BY RACHEL KOSTELEC
In an effort to create a mended community, Glen Moriarty, a psychologist who strives to create a caring and compassionate world, has released and founded a groundbreaking resource in which students have an all-access pass speaking to a trained listener about any size issue via a secure, anonymous network for absolutely no cost at all.
“7 Cups of Tea,” is now available to Salisbury University alongside other campuses across the United States, as a readily available emotional health service.
Through the use of the app, students are connected to a trained listener in which they may discuss any problem they may be experiencing, whether it be big or small.
The app is working deliberately with colleges and universities as it begins to help create a more involved community.
The initial vision for the app circles around the motion of taking offline behaviors and transitioning them online, satisfying the human tendency to need to talk to someone.
When accessing the app, students are given the option to connect immediately with a listener or to browse a list of all available listeners in an effort to find someone who relates via background, experience or organization affiliation.
“No matter what you’re going through, despite race, gender or background, you have the ability to press a button and get support,” Moriarty said.
Plainly speaking, Moriarty wanted to create a resource that can act as a support system for all people in the world, as he expresses his belief that there is not enough support for those who need it.
The app undergoes a strict confidentiality policy. No information of any user will be shared with the listener or any other party. All secure areas are encrypted with a Secure Socket Layer (SSL) protocol, creating an efficient level of security.
All listeners have been interviewed and furthermore have completed the Active Listening Training Program, an online course specializing in effective communication skills, created and developed by psychologist and founder, Glen Moriarty.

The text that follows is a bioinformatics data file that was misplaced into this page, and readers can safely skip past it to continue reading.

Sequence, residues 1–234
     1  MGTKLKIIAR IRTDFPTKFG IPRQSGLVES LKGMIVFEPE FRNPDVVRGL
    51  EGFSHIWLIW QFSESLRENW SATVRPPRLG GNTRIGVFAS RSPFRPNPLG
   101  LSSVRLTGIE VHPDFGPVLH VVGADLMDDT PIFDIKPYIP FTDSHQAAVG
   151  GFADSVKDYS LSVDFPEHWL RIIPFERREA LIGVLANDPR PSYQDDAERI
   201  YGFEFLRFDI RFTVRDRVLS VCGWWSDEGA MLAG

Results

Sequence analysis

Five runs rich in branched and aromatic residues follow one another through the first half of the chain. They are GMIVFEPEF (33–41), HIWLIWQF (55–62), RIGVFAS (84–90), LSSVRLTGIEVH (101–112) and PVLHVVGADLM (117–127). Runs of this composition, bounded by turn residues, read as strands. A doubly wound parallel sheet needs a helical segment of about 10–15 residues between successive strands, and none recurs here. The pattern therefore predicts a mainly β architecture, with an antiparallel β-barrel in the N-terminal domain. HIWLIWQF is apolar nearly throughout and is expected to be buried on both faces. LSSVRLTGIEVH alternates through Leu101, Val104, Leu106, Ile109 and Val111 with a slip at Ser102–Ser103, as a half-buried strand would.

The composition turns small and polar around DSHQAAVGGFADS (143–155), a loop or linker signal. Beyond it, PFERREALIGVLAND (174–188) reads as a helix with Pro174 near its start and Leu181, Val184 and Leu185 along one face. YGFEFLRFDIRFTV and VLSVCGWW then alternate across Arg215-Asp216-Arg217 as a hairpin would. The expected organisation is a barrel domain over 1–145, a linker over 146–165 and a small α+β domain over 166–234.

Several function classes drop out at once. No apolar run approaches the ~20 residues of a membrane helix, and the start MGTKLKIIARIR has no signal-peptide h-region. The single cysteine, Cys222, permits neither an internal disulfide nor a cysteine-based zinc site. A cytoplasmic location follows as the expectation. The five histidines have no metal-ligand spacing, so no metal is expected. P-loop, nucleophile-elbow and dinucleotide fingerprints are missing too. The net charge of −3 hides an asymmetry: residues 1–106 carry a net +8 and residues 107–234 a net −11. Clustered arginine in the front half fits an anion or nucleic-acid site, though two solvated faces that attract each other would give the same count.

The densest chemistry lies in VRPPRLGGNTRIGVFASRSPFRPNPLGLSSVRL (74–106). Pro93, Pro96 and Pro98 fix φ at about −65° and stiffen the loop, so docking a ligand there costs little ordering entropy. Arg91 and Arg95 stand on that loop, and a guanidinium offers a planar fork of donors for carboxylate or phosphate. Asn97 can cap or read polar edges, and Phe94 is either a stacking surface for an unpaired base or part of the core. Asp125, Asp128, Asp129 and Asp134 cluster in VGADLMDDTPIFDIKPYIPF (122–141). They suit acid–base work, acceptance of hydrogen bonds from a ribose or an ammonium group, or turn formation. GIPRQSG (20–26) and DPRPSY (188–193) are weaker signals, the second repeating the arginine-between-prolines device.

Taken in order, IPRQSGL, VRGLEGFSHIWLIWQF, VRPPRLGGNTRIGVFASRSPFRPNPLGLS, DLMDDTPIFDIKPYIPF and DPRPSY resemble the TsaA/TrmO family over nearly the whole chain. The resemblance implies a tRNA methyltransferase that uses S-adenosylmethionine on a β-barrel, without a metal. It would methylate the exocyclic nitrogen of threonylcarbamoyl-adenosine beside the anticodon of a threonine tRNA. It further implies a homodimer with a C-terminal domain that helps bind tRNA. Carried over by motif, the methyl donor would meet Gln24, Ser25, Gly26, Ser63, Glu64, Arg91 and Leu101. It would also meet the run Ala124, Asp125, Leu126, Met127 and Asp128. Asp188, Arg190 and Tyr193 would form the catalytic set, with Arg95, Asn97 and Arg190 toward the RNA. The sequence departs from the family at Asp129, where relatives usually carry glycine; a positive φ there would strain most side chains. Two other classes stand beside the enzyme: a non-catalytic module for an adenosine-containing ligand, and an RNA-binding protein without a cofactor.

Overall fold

Moriarty strives for one mission: to provide free, available support for all people on an individual level.
“I believe that it is a nice outlet in case people don’t have anyone to turn to, or if they just want to vent and have someone be there to actually listen to them,” SU student Marcus Sowell said. “It would be a great boost of self-esteem for someone who needed it.”
It is crucial that users understand that “7 Cups of Tea” is not necessarily a resource for students experiencing suicidal thoughts. If a person is undergoing that kind of crisis, the best readily available resource is the Maryland’s Life Crisis Center and can be reached by calling (410)-749-4357.
The Counseling Center at SU is another great resource for those who seek help. A few of the services the counseling center offers are individual and group therapy, both completely confidential.
Furthermore, to help make a difference in the Salisbury community, both students and staff members, alike are highly encouraged to complete Kognito At-Risk training, a free service that helps develop skills in recognizing signs of distress.
Gordon Dhue, 21, has positive thoughts about the app.
“I have a pretty close relationship with my parents, so I’d probably talk to them before I use the app,” he said. “But maybe if I got in a pinch or something I’d use it. It is definitely a positive attribute to the Salisbury community though.”
“7 Cups of Tea” has one ultimate mission: to be there for anyone who needs it. It is an outlet for on-demand emotional support, comprised of a community of caring people who want to help students by lending an ear and helping them develop better coping skills.
When asked if he had one message for people with mental illness, Moriarty said, “You are not alone.”
No matter the problem, “7 Cups of Tea” is there to listen and remind people that effective communication makes for a better world.